Wednesday, March 22, 2017

Transcat Can Double in 3-5 Years

Transcat (TRNS) distributes, services, and calibrates equipment for a variety of industries, particularly highly regulated industries such as life sciences. Transcat serves as a one stop shop to make sure the equipment are working properly, without customers having to schedule with each and every OEM. The link here shows the instrument types they can calibrate.

I will try to provide the outline of a long thesis as succinctly as I can. Someone has a more thorough write-up here (paywall).

Thesis Sketch

Transcat can double its EBITDA in 3-5 years, and the stock can double as well. The reasons are below:

  • The company has 2 segments, one growing and one declining/stabilizing. Revenue growth is set to accelerate because the growing segment is now outpacing the declining one.
  • Growth is further enhanced by a roll-up strategy in its services segment (in addition to organic growth) 
  • Margins will benefit from mix (Services segment has higher margin), as well as operating leverage.

As a bonus - I'm not counting on this - the company pays 30-40% tax. A corporate tax cut to 20% would immediately boost earnings by 14-33%

Mix Shift Toward Higher Growth and Higher Margin Segment

The company has 2 segments: Services and Distribution. Right now they contribute about 50/50 in terms of revenue. The Services segment has been a steady grower (both organic and via acquisition). Distribution segment revenue declined the past few years due to the oil and gas industry downturn, but seems to have stabilized in the past few quarters.

Going forward, the growth in Services will outpace the decline in Distribution. Since Services enjoys a higher EBITDA margin (low double digits vs mid-single digits), EBITDA will grow faster than revenue.

The slide below shows the revenue and profitability crossover.

Transcat revenue and operating income

Roll-Up Strategy

The Services segment is also a rollup story, supported by reasonable debt levels (~2x Debt/EBITDA). The company is a disciplined acquirer, typically paying 4-6x EBITDA with IRR hurdle of 15%.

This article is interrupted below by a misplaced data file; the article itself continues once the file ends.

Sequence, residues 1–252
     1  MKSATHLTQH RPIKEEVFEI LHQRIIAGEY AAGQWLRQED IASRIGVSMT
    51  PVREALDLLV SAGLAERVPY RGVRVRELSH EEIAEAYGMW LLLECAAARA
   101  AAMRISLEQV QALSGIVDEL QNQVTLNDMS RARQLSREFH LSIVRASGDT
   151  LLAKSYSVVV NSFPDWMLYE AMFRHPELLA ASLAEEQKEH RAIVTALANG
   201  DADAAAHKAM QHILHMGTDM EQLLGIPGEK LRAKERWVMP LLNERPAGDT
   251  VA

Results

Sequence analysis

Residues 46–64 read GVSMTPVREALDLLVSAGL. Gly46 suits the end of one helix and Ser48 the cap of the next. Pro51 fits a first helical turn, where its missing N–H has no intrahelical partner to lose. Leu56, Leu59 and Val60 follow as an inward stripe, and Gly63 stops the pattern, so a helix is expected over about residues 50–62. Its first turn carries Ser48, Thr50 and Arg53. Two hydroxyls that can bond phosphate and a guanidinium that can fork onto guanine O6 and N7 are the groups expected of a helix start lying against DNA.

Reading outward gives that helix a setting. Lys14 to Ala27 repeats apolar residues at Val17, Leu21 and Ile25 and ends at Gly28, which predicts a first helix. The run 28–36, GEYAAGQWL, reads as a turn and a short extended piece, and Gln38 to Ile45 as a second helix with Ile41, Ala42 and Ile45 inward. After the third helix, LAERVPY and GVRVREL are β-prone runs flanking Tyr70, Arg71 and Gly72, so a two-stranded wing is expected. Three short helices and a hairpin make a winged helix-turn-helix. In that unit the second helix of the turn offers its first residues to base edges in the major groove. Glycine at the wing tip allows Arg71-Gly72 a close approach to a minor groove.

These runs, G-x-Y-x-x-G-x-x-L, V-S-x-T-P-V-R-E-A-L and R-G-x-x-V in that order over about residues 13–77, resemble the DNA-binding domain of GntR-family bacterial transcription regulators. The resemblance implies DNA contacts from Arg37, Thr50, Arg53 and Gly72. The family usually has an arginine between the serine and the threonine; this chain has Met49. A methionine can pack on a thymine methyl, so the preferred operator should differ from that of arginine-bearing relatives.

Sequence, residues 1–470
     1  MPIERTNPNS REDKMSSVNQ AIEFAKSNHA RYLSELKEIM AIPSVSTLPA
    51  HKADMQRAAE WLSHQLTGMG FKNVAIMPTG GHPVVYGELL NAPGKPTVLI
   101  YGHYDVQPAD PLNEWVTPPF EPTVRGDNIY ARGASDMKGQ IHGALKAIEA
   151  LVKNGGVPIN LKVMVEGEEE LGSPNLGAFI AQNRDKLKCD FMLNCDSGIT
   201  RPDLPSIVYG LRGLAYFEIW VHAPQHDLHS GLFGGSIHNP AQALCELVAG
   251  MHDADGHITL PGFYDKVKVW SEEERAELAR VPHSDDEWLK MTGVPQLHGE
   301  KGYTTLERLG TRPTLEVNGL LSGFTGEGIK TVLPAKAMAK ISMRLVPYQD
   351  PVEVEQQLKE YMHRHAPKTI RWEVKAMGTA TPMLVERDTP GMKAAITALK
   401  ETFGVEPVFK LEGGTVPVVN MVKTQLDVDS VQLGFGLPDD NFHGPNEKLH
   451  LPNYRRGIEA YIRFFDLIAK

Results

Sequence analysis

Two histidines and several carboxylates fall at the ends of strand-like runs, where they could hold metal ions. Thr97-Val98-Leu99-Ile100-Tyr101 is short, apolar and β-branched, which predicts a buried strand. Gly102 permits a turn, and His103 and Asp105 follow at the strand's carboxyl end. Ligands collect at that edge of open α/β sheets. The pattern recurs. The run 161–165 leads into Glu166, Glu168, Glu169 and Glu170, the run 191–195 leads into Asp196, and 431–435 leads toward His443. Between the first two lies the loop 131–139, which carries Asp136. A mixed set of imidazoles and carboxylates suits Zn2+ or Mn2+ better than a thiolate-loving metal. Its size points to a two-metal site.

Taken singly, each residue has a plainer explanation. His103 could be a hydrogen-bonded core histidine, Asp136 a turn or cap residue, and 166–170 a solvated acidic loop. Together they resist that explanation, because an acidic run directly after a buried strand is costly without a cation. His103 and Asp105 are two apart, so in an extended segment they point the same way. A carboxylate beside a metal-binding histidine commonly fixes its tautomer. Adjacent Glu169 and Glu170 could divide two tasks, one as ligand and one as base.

Calibration services is an $1bn market, split 40%/35%/25% between 3rd party services providers, in-house labs, and OEMs. Within ~the $400mm market for the 3rd party services provider, Transcat is the 2nd largest with behind Tektronix (18% share versus 22% share).

Notably, almost 40% of 3rd party providers market is serviced by smaller regional and local players. That’s a ~$160mm space that Transcat has been, and will continue to be consolidating.

I believe the company can improve its share of that 3rd party market from 18% to low 20%’s, providing a tailwind for revenue and margins.


With TRNS stock trading at $12.4/share, the company has $89mm of market cap and ~$115mm of enterprise value.

Management is targeting $175-200mm of revenue and double digit EBITDA margin in 4-5 years. Using the midpoint of $187.5mm revenue and a 12% margin gets you to $22.5mm EBITDA. With a 10x EV/EBITDA and you have $225mm of enterprise value – almost a double from the current $115mm EV.

That is in 4-5 years. But as markets are forward looking, I expect the stock to double sooner.

Here’s my rough model on 1) how revenue and EBITDA might progress over the next few years to FY2021, and 2) what they look like if management’s goals are met.

The 2 are fairly close so I think management’s goals are reasonable. Recent financial results suggest they are well on their way.

Transcat model

Friday, March 10, 2017

Week ending 3/10/2017: Losing Streak

From red hot to ice cold. My major stock holdings have drifted lower. My small, speculative positions have blown up and given back their gains. In the past months I twice sold stocks (Fortress and Nimble Storage) days before they get acquired at huge premiums. Even currency trades, a barometer with which I judge my understanding of the world, went from positive to negative.

It’s a combination of bad shots and bad luck. What do you do when you keep shooting bricks and air balls? Do you keep shooting? Or do you bench yourself?